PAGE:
Daydreaming on shadow catcher

Started by uuderzo, July 14, 2020, 08:36:32 am

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WAS

How interesting Kadri! Great thinking, thanks for sharing.

uuderzo

Quote from: Hetzen on July 15, 2020, 01:41:22 pmI suppose to make the effect more accurate, you could render a few shadow masks of the sun through it's arc of a day, add together, then divide by the number of images used. I guess that could simulate what would happen with temperatures.

But to be honest, the effect you've rendered looks like a fairly good representation of a snow drift. Using the Smoothing Effect in a Surface Layer, should knock out some of the lower octave noise.
I added more noise in the snow accumulation area (sorry I didn't know it is called drift) to add some detail and make it slightly different from the surroundings. Without, it looked weird to me.
My target was to simulate the snow accumulation brought by wind. This is the reason that made me initally think about shadows.

WAS

I had another thought, though I haven't attempted it yet, but it really leaves you with just one angle of approach, a vector export would give you sides, which than you could use as masks in PS etc. You could than "retain" the rock/object on a side, and then all others blur it out, and adjust intensity and would assentialy create soft buildup around the object leaving one side intact. You'd have to use the "one side" mask to mask the Y data and blur out the rest I'd imagine.

uuderzo

This is another approach for a single render result.

I decoupled the terrain by creating an heightfield then rendered it again shifted and smoothed. Looks like this is the only way to break the transformation chain up to the upper node. I still have some issues in the mixing part because the merger if set to "highest" seems to honour the highest displacement but color don't seem to follow the same logic, as you can see the white appears also on gray stones sometimes.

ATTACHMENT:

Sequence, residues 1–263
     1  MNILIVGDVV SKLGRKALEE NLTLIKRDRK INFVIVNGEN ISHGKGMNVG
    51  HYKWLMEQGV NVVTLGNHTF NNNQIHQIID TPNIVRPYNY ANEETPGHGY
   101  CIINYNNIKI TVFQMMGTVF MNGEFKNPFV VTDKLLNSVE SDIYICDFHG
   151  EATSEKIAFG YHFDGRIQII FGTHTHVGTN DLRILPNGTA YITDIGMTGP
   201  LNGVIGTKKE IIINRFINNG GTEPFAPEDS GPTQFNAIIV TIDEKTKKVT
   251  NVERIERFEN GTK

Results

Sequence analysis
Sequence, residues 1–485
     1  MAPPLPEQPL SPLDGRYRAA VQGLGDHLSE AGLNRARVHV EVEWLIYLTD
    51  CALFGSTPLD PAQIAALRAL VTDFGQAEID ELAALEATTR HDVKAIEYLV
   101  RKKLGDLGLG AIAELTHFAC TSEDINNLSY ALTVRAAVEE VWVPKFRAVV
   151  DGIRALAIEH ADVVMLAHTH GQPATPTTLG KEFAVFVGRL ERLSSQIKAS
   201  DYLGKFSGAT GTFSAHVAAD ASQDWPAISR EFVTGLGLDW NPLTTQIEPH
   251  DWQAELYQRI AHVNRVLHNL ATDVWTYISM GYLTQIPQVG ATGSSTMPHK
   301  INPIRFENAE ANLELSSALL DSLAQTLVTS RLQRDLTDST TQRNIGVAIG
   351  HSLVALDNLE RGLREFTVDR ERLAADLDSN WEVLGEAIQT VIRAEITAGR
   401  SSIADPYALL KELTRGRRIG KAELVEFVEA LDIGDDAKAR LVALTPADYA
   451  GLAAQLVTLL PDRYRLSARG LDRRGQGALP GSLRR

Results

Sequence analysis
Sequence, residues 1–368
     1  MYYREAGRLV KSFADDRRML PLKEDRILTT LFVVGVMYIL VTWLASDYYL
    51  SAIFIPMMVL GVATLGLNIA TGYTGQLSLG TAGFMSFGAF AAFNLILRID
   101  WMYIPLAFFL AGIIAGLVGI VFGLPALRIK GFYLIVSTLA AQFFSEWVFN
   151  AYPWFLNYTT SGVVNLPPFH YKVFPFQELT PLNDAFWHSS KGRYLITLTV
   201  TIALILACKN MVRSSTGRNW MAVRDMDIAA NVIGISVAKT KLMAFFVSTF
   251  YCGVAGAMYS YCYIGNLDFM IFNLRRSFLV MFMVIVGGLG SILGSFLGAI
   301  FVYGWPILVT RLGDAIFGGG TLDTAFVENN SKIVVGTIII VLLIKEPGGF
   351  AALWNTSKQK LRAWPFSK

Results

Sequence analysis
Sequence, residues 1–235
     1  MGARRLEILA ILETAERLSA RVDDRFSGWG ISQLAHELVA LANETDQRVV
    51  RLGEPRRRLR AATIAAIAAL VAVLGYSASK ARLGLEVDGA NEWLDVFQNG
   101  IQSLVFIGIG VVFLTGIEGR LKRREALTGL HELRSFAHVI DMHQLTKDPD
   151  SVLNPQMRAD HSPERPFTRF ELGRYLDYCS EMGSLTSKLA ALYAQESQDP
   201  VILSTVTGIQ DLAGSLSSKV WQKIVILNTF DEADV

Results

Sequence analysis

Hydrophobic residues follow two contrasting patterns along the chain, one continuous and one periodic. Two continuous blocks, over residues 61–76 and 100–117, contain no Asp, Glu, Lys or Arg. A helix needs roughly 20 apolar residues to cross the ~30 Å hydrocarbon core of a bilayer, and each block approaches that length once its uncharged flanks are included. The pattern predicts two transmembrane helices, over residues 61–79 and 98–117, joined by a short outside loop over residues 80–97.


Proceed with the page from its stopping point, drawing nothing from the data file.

Dune

If you create your stones from a PF (or voronoi blue node setup), so you have soft white dots on black, and use a compute normal to blow them up laterally after initial displacement in Y, you could try using the initial (dot) masking, shifted half a meter or so by transform shader for snow pile-up mask. But you need one-size stones for that or the distance won't fit all.

Hetzen

I think the issue with the Merge Shader in this case, is that the colour mapping has to adjust to new polys being created.

A more expensive, but way crisper approach, would be to put your snow surface on a planet sized sphere and your stones on the planet (or vice versa). That way you would have proper intersection between the two texture/displacement surfaces.

WAS

Quote from: Hetzen on July 17, 2020, 09:46:21 amA more expensive, but way crisper approach, would be to put your snow surface on a planet sized sphere and your stones on the planet (or vice versa). That way you would have proper intersection between the two texture/displacement surfaces.

Yeah I mentioned that above, though with a plane. It would give you the best realistic result when coupled with SSS to if not for the totally broken shadows.

uuderzo

Quote from: WAS on July 17, 2020, 02:02:04 pm
Quote from: Hetzen on July 17, 2020, 09:46:21 amA more expensive, but way crisper approach, would be to put your snow surface on a planet sized sphere and your stones on the planet (or vice versa). That way you would have proper intersection between the two texture/displacement surfaces.